Periods after Pregnancy

Periods after Pregnancy

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One of the many perks of pregnancy is – no periods for nine months! You will enjoy a nice break from this monthly visitor, and once your baby arrives, you can expect your periods to return anytime. Every woman’s body anatomy and circumstances are different; therefore, there is no exact time limit when you can expect your period back. However, in the following article, we shall discuss all that you need to know about your periods after delivery.

When Will Your Periods Start After Delivery

Many new moms may wonder, after normal delivery when will my periods come? In most cases, you may start off with your menstrual cycle within 6 to 8 weeks after giving birth, if you are not breastfeeding your baby. However, if you are exclusively breastfeeding your baby, you may not have your period till you stop breastfeeding. Here exclusive breastfeeding means that your baby is only on breast milk. Some women may start off with their periods within a couple of months after giving birth, whether breastfeeding or not.

What to Expect From Your First Period After Giving Birth

Bleeding and vaginal discharge are very common after giving birth. Whether you have had a vaginal birth or caesarean delivery, you will experience some amount of vaginal bleeding and discharge after giving birth. This is due to shedding of extrauterine lining and blood that the body had acquired during pregnancy. In the initial stages, you may experience heavy bleeding and clots; however, after a few weeks, the blood gives way to vaginal discharge called lochia. This vaginal discharge can be creamy white to red in colour. You may have this discharge for up to six weeks, and in case you are breastfeeding your baby, you may expect your first menstrual period after birth around this time.

Why Breastfeeding Moms Don’t Get Their Periods Quickly

Many moms do not get their periods after delivery while breastfeeding because of change in hormones. The hormone Prolactin, which is present in breastfeeding moms, is required for the production of the milk. This milk-producing hormone suppresses the reproductive hormones. Therefore, in the dearth of reproductive hormones no eggs are released for fertilization. Without the egg, there will be no menstruation, and thus feeding mommies do not get their periods quickly.

breastfeeding mom

How Your Period Will Be Different After Pregnancy

You may experience some changes in your period after pregnancy. This is because your body may be adjusting to your period routine after delivery. You may experience some of the following:

  • Your period may be more painful than your previous menstrual cycles.
  • You may have a heavy period after pregnancy in comparison to your usual period.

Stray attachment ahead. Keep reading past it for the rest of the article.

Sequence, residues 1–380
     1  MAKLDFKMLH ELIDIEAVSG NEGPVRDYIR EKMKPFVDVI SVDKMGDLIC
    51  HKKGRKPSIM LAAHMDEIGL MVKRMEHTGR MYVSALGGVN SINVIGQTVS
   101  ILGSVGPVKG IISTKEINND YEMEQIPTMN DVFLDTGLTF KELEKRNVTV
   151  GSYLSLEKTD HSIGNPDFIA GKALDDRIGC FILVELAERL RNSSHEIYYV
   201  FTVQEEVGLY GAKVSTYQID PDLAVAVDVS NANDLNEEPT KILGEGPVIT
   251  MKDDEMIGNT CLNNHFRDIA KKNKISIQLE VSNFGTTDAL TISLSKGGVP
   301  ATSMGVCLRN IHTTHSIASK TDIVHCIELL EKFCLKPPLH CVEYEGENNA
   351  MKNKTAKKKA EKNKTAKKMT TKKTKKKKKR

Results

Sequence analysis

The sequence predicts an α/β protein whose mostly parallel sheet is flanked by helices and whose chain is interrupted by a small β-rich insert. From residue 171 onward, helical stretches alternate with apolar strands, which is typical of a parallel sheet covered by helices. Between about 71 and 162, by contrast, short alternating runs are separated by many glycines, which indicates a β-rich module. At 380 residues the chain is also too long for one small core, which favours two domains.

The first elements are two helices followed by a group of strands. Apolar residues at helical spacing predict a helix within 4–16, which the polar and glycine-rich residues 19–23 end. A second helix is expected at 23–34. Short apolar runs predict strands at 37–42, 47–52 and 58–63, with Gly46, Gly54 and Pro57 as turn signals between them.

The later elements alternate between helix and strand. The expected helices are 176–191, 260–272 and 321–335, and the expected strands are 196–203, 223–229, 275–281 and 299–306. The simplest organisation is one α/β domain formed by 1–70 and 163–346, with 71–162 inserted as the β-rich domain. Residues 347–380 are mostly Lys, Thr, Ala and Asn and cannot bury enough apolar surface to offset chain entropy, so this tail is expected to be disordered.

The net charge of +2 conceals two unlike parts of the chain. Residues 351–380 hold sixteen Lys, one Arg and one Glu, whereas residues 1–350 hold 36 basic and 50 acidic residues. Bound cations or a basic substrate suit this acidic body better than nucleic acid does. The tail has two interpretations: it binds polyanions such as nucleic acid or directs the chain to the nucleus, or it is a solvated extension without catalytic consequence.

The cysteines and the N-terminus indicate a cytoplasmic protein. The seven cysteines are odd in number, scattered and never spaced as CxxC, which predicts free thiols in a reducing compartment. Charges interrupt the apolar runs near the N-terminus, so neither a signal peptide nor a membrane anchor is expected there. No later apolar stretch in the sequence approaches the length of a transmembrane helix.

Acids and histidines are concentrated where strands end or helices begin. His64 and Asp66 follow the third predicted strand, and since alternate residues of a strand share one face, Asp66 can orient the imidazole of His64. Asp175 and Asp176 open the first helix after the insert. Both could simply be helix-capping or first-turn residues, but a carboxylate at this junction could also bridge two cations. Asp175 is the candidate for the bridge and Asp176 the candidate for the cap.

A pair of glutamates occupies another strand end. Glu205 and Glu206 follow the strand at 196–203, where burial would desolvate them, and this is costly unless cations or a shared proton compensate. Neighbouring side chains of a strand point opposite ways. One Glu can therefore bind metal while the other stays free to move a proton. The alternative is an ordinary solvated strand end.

• You may experience scantier or less menstrual flow than your normal period.
  • You may experience more or less cramping than usual.
  • You may notice small clots in your period blood.
  • You may have irregular cycles.

The reason for a heavier period after delivery is the increased uterine lining. The shedding of this lining leads to heavier blood flow. In very rare cases, adenomyosis or thyroid may cause heavy bleeding after giving birth.

On the other hand, women who undergo endometriosis before pregnancy may experience scantier or lighter blood flow after childbirth. There are some other rare medical conditions, such as Asherman’s Syndrome or Sheehan syndrome which may cause lighter bleeding.

How Long Will Your First Period After Giving Birth Last

Your first period after giving birth may last up to five to seven days, which you may be accustomed to. However, some women may experience vaginal bleeding for two to three weeks after giving birth. If you experience vaginal bleeding more than three weeks, it is recommended that you seek medical advice for the same.

How Will You Know if Something is Wrong

If you experience any of the following symptoms, it is suggested to get medical help:

  • You have fever
  • You are changing the sanitary pad every hour
  • You are bleeding continuously for more than a week
  • You are experiencing severe are sudden bouts of pain
  • You have foul-smelling discharge
  • You have bigger blood clots (size of a softball or bigger)
  • You experience any pain while urinating
  • You face any trouble in breathing
  • You have a severe headache

All the above-mentioned may be symptoms of any medical complications such as infection, retained placenta or tubal pregnancy.

Misconceptions About Periods After Childbirth

There are many misconceptions associated with periods after childbirth. Some of these misconceptions are as follows:

  • Many women assume that the vaginal bleeding right after giving birth is their 1st period after delivery. That is not their first period, but it is postpartum bleeding, which includes expelling of extra fluids, tissues and blood from the body after delivery. The postpartum bleeding may continue for 4 to 6 weeks, and afterwards, your body becomes ready to have the first period.
  • It is also misunderstood that breastfeeding is a natural form of contraception and you will not get pregnant until the time you are breastfeeding. However, it is not completely true; breastfeeding may only provide 60 percent protection against conception. You have good 40 percent chances of getting pregnant even when you are breastfeeding.

Your body goes under a lot of change in pregnancy, and thus it may take some time for your body to adjust to the usual routine of normal periods. However, if you experience anything out of the ordinary with your menstrual period, it is best to seek medical assistance for the same to avoid any complications.

Also Read: Kegel Exercises after Delivery